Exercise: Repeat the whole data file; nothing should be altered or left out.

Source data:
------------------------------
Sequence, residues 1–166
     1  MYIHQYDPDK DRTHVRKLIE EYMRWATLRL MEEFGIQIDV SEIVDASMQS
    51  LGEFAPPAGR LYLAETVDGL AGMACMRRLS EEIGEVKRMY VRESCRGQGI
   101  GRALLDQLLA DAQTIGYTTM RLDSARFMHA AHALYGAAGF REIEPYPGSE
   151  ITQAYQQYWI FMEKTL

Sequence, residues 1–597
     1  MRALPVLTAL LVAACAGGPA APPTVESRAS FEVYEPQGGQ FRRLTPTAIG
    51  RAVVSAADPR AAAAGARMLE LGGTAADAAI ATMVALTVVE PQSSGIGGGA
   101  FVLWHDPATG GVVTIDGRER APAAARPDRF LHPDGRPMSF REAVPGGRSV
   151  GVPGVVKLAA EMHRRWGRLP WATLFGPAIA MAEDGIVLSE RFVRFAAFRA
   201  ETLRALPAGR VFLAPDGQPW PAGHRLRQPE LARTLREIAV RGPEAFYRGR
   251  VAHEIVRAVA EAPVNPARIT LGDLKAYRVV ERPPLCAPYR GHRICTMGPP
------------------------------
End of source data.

Sequence, residues 1–166
     1  MYIHQYDPDK DRTHVRKLIE EYMRWATLRL MEEFGIQIDV SEIVDASMQS
    51  LGEFAPPAGR LYLAETVDGL AGMACMRRLS EEIGEVKRMY VRESCRGQGI
   101  GRALLDQLLA DAQTIGYTTM RLDSARFMHA AHALYGAAGF REIEPYPGSE
   151  ITQAYQQYWI FMEKTL

Sequence, residues 1–597
     1  MRALPVLTAL LVAACAGGPA APPTVESRAS FEVYEPQGGQ FRRLTPTAIG
    51  RAVVSAADPR AAAAGARMLE LGGTAADAAI ATMVALTVVE PQSSGIGGGA
   101  FVLWHDPATG GVVTIDGRER APAAARPDRF LHPDGRPMSF REAVPGGRSV
   151  GVPGVVKLAA EMHRRWGRLP WATLFGPAIA MAEDGIVLSE RFVRFAAFRA
   201  ETLRALPAGR VFLAPDGQPW PAGHRLRQPE LARTLREIAV RGPEAFYRGR
   251  VAHEIVRAVA EAPVNPARIT LGDLKAYRVV ERPPLCAPYR GHRICTMGPP